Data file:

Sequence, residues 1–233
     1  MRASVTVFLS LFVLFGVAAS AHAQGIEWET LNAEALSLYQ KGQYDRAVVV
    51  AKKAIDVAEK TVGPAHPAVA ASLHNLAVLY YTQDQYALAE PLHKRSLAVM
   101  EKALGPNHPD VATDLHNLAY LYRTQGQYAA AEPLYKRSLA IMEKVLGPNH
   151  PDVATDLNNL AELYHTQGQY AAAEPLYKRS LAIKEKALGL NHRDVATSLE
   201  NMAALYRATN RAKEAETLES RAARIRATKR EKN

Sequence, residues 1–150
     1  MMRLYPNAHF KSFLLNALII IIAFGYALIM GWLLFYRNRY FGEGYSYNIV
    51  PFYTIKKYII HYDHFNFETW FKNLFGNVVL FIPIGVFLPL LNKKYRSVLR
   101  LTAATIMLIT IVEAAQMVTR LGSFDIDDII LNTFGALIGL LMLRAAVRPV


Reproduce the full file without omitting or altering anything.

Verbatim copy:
Sequence, residues 1–233
     1  MRASVTVFLS LFVLFGVAAS AHAQGIEWET LNAEALSLYQ KGQYDRAVVV
    51  AKKAIDVAEK TVGPAHPAVA ASLHNLAVLY YTQDQYALAE PLHKRSLAVM
   101  EKALGPNHPD VATDLHNLAY LYRTQGQYAA AEPLYKRSLA IMEKVLGPNH
   151  PDVATDLNNL AELYHTQGQY AAAEPLYKRS LAIKEKALGL NHRDVATSLE
   201  NMAALYRATN RAKEAETLES RAARIRATKR EKN

Sequence, residues 1–150
     1  MMRLYPNAHF KSFLLNALII IIAFGYALIM GWLLFYRNRY FGEGYSYNIV
    51  PFYTIKKYII HYDHFNFETW FKNLFGNVVL FIPIGVFLPL LNKKYRSVLR
   101  LTAATIMLIT IVEAAQMVTR LGSFDIDDII LNTFGALIGL LMLRAAVRPV